The journalist started interviewing the Monk as planned earlier.
Journalist – “Sir, in your last lecture, you told us about Jogajog (contact) & Sanjog (connection). It’s really confusing. Can you explain ? ” Continue reading
“Your body hears everything your mind says.” ~ Naomi Judd
( Watch this video till the end to get real value )
There is a quietness
I hope that you will listen, but not with the memory of what you already know; and this is very difficult to do. You listen to something, and your mind immediately reacts with its knowledge, its conclusions, its opinions, its past memories. It listens, inquiring for a future understanding.
Just observe yourself, how you are listening, and you will see that this is what is taking place. Either you are listening with a conclusion, with knowledge, with certain memories, experiences, or you want an answer, and you are impatient. You want to know what it is all about, what life is all about, the extraordinary complexity of life. You are not actually listening at all.
“The human need for psychological contact is strong enough that even moderate increases in psychological contact are of great personal and psychological value to clients. If a client connects with another human being while he or she is making sense in some ways but not others, this in itself is likely to bring a lessening of that client’s existential aloneness and anxiety.
The difference is that a teacher points the way; the guru is the way. Continue reading
Humanity is under great pressure to evolve because it is our only chance of survival as a race. This will affect every aspect of your life and close relationships in particular. Never before have relationships been as problematic and conflict ridden as they are now. Continue reading
For too long, too many of us have been entranced by heroes. Perhaps it’s our desire to be saved, to not have to do the hard work, to rely on someone else to figure things out. Constantly we are barraged by politicians presenting themselves as heroes, the ones who will fix everything and make our problems go away. It’s a seductive image, an enticing promise. And we keep believing it. Somewhere there’s someone who will make it all better. Somewhere, there’s someone who’s visionary, inspiring, brilliant, trustworthy, and we’ll all happily follow him or her. Somewhere…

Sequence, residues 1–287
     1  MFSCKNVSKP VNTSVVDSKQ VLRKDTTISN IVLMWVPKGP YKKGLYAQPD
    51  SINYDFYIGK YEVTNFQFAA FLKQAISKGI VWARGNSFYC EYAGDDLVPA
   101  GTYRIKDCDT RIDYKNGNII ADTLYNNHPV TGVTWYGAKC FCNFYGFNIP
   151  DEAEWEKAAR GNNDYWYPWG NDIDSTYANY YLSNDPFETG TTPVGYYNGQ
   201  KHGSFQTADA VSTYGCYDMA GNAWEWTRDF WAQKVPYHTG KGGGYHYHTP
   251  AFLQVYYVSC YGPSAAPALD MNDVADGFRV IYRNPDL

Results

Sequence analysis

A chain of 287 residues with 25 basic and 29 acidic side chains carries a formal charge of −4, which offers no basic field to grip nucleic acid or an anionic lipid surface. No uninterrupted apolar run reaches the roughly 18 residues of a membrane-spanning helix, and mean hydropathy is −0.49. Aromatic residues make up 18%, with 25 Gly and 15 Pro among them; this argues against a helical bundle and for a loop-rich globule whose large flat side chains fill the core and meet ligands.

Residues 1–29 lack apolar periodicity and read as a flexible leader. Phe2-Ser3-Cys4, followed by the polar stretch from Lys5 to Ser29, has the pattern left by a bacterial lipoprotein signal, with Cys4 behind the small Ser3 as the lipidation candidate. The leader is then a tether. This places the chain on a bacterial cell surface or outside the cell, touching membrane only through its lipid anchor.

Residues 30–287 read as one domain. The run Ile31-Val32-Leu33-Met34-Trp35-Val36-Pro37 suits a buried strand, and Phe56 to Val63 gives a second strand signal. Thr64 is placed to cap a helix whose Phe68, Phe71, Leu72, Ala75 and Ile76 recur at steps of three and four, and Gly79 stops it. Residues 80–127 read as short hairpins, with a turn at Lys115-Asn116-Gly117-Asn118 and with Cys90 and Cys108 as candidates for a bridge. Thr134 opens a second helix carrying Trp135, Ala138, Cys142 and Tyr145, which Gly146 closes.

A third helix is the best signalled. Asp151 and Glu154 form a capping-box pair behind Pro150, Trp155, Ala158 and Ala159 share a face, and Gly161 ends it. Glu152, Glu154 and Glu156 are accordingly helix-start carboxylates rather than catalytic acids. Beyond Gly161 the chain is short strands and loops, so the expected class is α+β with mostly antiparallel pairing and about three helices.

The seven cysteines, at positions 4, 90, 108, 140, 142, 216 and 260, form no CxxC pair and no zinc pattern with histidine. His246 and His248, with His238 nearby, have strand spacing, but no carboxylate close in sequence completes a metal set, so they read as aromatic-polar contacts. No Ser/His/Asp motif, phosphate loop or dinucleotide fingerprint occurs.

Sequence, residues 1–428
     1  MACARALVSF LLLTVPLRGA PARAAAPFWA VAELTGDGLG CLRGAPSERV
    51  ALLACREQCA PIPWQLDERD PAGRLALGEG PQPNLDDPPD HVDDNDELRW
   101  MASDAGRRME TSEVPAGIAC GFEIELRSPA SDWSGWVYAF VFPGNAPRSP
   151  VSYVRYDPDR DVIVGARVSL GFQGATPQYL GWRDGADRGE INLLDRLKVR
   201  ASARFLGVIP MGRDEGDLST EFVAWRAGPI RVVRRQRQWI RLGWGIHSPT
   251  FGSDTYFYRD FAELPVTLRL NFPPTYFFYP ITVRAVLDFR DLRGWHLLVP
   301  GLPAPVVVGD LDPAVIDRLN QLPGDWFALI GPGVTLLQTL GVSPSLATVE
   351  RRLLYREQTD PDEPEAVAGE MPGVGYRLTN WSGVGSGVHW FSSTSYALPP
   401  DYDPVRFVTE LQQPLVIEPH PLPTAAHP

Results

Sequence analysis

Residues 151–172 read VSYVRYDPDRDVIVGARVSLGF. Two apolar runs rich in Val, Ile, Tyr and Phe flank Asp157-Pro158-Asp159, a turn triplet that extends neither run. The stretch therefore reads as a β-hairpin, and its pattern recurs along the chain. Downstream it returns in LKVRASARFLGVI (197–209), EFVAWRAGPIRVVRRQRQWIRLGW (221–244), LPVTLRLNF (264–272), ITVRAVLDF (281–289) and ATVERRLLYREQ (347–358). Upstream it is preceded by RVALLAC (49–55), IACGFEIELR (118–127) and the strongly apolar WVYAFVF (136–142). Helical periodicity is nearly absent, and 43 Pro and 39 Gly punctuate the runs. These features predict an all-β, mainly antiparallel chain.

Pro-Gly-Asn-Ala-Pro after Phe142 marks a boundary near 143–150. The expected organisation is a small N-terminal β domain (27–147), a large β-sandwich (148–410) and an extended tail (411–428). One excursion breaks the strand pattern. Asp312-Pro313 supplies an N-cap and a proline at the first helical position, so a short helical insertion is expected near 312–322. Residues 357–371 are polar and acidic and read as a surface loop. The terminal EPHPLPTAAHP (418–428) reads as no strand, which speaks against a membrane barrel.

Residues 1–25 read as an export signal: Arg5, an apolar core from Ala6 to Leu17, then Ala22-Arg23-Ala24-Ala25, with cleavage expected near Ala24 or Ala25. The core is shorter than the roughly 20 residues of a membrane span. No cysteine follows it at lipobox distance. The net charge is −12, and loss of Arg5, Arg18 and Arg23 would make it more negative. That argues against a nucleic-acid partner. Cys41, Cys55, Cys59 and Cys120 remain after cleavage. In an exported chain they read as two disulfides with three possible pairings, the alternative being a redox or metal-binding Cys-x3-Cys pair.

Well, it is time for all the heroes to go home, as the poet William Stafford wrote. It is time for us to give up these hopes and expectations that only breed dependency and passivity, and that do not give us solutions to the challenges we face. It is time to stop waiting for someone to save us. It is time to face the truth of our situation—that we’re all in this together, that we all have a voice—and figure out how to mobilize the hearts and minds of everyone in our workplaces and communities.
Leaders who journey from hero to host have seen past the negative dynamics of politics and opposition that hierarchy breeds, they’ve ignored the organizational charts and role descriptions that confine people’s potential. Instead, they’ve become curious. Who’s in this organization or community? What skills and capacities might they offer if they were invited into the work as full contributors? What do they know, what insights do they have that might lead to a solution to this problem?
Leaders‐as‐hosts know that people willingly support those things they’ve played a part in creating—that you can’t expect people to ‘buy‐in’ to plans and projects developed elsewhere. Leaders‐as‐hosts invest in meaningful conversations among people from many parts of the system as the most productive way to engender new insights and possibilities for action. They trust that people are willing to contribute, and that most people yearn to find meaning and possibility in their lives and work. And these leaders know that hosting others is the only way to get complex, intractable problems solved.
Leaders‐as‐hosts don’t just benevolently let go and trust that people will do good work on their own. Leaders have a great many things to attend to, but these are quite different than the work of heroes. Hosting leaders must: